A taste of home... in the form of a supermarket!
At 4am on April 29th we landed in Belem and immediately rested by a water feature inside the airport, waiting for light to ease our passage to town. Eventually we summoned some kind of energy to find a bus going anywhere near our hostel, though once we were onboard the driver took pity on us and delivered us right to the front door. This, we learned, was typical Belem kindness and hospitality.
Belem is a large port city lying on the south bank of the River Amazon's mouth, which is so wide it makes the city look irrelevent. Exhausted from our flight, we arrived with the intention of going straight to bed; however, the hostel workers had the royal wedding on the television, so we sat for a while and watched pictures from home, not at all wishing we were there. Belem is a hot and humid city, so we were relieved to find air-conditioning in our otherwise basic room.
We slept until mid-afternoon before wandering to the nearby Praca da Republica to see the Teatro da Paz, one of the largest theatres in the country. We returned to the hostel and slept like sloths that evening, catching up
The Praca da Republica
The main park in Belem.
in one night what we had missed during two-and-a-half weeks in the jungle.
The next day we explored Belem more thoroughly, visiting the lively and colourful Ver-o-Peso market, where locals sit and drink beer to the sound of samba while others sell gifts and fruit. Next to this is the plush Estacao das Docas, abandoned warehouses reformed in to a restaurant and market complex. The air-conditioning provided welcome respite from the suffocating heat; Cairu ice cream parlour fuelled our refrigeration!
Some time later we returned back outside to the 96% humidity, but we struggled to walk very far before needing (and we mean NEEDING!) shade, so we collapsed on a bench outside the cathedral. We then walked to what we thought was tourist information, only to be greeted by armed soldiers! They were very friendly, though all we could really do was smile and nod! On our way back to our hostel we took a look at the Basilica of Nossa Senhora de Nazare, a stunning church with magnificent stained-glass windows. Once back at the hostel we spent the remainder of our evening teaching English words to an Italian guy.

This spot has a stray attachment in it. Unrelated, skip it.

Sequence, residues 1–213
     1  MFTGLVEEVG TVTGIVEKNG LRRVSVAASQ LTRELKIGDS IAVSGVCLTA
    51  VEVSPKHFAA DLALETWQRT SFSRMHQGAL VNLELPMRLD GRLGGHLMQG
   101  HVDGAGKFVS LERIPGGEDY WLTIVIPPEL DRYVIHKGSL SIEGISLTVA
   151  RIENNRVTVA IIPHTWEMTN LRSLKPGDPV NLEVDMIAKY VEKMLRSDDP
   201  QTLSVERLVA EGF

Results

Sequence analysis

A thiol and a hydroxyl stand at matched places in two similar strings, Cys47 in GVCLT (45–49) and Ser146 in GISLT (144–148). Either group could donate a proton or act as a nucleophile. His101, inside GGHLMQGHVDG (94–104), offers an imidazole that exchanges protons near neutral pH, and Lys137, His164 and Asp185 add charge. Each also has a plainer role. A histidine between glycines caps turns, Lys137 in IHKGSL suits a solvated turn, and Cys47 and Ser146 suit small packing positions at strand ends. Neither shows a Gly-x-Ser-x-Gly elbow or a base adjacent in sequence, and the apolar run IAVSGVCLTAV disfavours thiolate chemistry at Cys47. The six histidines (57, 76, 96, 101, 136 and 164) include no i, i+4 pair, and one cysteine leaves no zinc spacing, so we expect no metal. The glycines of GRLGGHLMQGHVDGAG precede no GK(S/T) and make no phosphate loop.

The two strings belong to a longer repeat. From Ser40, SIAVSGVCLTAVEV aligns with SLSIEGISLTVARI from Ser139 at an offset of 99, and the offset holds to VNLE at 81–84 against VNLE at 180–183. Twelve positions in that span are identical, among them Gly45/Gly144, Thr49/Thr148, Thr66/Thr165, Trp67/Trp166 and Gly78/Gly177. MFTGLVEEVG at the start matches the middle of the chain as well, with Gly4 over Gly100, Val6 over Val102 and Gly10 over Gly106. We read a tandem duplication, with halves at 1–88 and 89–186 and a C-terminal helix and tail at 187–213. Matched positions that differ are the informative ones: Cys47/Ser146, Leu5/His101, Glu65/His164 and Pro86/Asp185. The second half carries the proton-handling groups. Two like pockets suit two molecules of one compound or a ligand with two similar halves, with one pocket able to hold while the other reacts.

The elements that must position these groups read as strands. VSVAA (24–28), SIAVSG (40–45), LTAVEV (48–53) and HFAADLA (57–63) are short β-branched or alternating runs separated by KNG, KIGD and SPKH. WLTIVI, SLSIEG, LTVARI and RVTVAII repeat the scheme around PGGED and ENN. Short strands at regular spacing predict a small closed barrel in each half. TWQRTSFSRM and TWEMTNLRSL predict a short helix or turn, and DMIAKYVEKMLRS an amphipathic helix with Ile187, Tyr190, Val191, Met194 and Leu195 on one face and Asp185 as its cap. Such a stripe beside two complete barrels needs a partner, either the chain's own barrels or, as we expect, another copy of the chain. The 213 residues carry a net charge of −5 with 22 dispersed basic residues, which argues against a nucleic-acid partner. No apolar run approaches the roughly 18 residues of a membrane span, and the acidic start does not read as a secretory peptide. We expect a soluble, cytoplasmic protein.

May 1st was a celebratory day in
Belem; market stalls were dotted around the main park while small groups of people sat around playing bongos, all while music blared from a car/disco. Similar to May Day in England, but with a Brazilian soul as people sat in the sunshine, drinking from coconuts and dancing to the constant beat.
We took a walk to the Mangal das Garcas (via Cairu ice cream!), a new park with birds and trees native to the region and a lookout tower over the river and the city. The park itself was beautiful and, as it was another glorious day, it was the perfect place to spend a few hours. The sun attacked us relentlessly though: even sitting down left us drenched in sweat!
Belem is not the most beautiful city, but it has a vibrant and friendly atmosphere that we really loved. The people were exceptionally nice and even though there were basically no tourists around we did not feel distant from the city as we were made to feel so welcome.
We left for Sao Luis that evening on what turned out to be the most frustrating journey we had yet encountered. A 13-hour ride became a 23-hour
nightmare, due to heavy rain destroying the main road. Just as we were on the home stretch the engine failed. The bus itself was uncomfortable and Carina's seat was broken. A disaster, from start to finish. Because of our delay we missed our chance to see Sao Luis as we had to leave straight for Barreirinhas, a small town in close proximity to a National Park we were keen to visit.
Despite arriving late and having little sleep we rose early to take a tour to the Lencois (literally translating as "bedsheets") Maranhenses National Park. We had our first of what would be many rides in a 4x4 truck, an absolute necessity over the dunes and so-called roads. After an hour we arrived at the most extraordinary landscape. With forest behind us, 155,000 sq km of sand dunes stretched out as far as we could see; between the dunes blue lagoons sat in tranquility, inviting us to dive in. We spent a few hours enjoying this blue and white world before heading back on the 4x4.
With the help of London-based Brazilian woman we learnt that we could take a plane ride over the dunes later that afternoon.
Dangling that particular carrot was only going to produce one result, so we were soon taking our second small plane ride of our travels - and this time there was only one pilot!
It was an incredible experience. We flew directly out to sea, over the town of Cabure, straddled on a beach caught between the river and the ocean. We then flew over the dunes themselves; from altitude we could see the enormity of the park. As far the horizon sand dunes rose from one lagoon and fell in to another, creating a stunning vision. It became clear why they are called bedsheets!
We landed and went straight to a restaurant on the river front for our first proper meal in days. The following day we left Barreirinhas for Parnaiba and the miles of deltas that surround it, on our way to another Brazilian wonder...
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